2014 Outlook: No question, Chip Kelly is an innovator with offenses, but we're not sure what's going on with the Eagles' D. Trent Cole is an undeniable pass rusher, and we like 3-4 ends Fletcher Cox and Cedric Thornton just fine. But Philly will continue to rely on miscast starting corners like Cary Williams and Bradley Fletcher, and it made the mistake of retaining underwhelming S Nate Allen and pairing him with signee Malcolm Jenkins. That's bad news for a back end that allowed an NFL-worst 289.8 passing yards per game in 2013. Don't be fooled by Philly's top-five turnover figures last season. This isn't a starting-level D/ST.
2014 Outlook: Sometimes we watch this group and scream, "How can a defense with this many studs up front finish 20th in fantasy points!?!" Despite more greatness in 2013 from DT destroyers Ndamukong Suh and Nick Fairley and OLB DeAndre Levy, the Lions were mediocre in just about everything. They didn't get to the QB and, of course, made head-clutching mistakes in the secondary. Maybe Jim Schwartz's exit will mean more discipline, and maybe second-year DE Ezekiel Ansah is about to become a pass-rushing force. But you have every right to be skeptical.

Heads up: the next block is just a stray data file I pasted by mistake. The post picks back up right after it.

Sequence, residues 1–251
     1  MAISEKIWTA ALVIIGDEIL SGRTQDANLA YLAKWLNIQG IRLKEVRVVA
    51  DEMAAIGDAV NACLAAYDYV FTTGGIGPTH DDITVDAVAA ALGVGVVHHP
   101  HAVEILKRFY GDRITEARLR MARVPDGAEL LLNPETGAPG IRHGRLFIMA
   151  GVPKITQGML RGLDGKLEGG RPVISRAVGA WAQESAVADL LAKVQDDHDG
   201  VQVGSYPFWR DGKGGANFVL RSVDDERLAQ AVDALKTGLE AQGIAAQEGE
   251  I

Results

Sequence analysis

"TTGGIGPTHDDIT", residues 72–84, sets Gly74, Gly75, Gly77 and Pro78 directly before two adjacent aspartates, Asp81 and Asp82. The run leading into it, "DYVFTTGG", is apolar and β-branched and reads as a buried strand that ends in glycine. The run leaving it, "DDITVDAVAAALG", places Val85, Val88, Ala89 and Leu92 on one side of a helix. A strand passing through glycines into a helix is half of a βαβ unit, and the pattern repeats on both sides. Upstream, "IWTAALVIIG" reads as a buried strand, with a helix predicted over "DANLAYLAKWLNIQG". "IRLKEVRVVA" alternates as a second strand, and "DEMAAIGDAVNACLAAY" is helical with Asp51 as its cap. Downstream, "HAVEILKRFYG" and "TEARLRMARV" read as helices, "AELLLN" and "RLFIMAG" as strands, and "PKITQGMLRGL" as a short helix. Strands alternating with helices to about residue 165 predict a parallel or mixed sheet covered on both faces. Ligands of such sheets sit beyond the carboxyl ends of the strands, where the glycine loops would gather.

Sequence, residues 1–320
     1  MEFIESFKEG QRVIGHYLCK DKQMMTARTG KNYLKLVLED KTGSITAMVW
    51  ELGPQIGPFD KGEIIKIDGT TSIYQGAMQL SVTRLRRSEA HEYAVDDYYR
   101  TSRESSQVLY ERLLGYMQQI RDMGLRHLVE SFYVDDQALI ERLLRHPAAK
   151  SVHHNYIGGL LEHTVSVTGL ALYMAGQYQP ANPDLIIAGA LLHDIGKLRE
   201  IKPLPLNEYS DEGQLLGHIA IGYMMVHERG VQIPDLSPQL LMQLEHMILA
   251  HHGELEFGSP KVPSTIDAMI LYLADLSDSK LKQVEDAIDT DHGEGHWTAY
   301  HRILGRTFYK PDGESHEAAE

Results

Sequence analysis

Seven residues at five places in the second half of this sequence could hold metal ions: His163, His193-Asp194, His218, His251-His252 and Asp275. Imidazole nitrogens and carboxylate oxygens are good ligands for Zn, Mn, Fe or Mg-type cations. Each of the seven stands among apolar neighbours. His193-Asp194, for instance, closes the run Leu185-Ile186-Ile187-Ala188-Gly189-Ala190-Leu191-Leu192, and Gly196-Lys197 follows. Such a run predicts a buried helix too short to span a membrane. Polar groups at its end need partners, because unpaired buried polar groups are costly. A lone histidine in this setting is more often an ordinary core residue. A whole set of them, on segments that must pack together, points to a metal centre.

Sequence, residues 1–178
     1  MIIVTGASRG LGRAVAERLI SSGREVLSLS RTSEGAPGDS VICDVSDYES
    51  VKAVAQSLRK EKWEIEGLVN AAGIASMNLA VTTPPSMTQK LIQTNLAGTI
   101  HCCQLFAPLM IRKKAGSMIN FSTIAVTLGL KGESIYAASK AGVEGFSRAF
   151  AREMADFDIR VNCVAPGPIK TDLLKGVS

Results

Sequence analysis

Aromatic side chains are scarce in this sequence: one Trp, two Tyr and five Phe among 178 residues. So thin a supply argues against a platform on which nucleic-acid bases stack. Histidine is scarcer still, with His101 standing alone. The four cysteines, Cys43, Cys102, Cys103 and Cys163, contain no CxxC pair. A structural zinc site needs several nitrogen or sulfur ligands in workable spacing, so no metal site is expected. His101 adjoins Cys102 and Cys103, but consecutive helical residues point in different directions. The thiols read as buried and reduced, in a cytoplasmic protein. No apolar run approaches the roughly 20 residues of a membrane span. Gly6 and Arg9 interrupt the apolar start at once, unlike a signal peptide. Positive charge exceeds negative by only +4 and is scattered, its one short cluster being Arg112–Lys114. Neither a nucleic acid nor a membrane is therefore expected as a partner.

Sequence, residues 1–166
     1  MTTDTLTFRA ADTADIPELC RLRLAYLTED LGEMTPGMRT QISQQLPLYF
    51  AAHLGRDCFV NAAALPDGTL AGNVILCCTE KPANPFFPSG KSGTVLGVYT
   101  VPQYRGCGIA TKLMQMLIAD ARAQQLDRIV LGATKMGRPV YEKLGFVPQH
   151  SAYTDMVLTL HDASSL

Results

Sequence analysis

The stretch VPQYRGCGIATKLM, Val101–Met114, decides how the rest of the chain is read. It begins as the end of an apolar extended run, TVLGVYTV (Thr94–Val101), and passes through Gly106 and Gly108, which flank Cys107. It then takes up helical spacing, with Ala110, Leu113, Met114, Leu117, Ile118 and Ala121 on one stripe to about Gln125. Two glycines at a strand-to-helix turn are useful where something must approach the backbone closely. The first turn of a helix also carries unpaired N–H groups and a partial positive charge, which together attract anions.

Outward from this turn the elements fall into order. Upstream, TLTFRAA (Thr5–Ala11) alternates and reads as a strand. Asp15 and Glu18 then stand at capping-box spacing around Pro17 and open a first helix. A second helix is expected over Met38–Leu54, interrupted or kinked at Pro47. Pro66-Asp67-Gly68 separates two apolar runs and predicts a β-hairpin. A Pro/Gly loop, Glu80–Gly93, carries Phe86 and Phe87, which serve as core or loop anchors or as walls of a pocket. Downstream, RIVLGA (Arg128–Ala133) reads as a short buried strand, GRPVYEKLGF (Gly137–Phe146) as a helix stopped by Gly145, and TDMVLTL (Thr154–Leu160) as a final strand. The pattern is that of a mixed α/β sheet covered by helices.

2014 Outlook: The Indy defense was weird in 2013, looking tremendous in stuffing the 49ers and Chiefs, then getting eviscerated by the Rams and Cardinals. The one constant was OLB Robert Mathis, who led the league with 19' sacks at age 32 but will be suspended for the first four games of 2014. Top corner Vontae Davis and DE Cory Redding also showed some flashes, but really, there wasn't much else to be wowed by, especially in the run game. Indy's 125.1 rushing yards allowed per game ranked 26th. And while the signing of DE Arthur Jones should help in that regard, we're not sold that the run defense is completely fixed.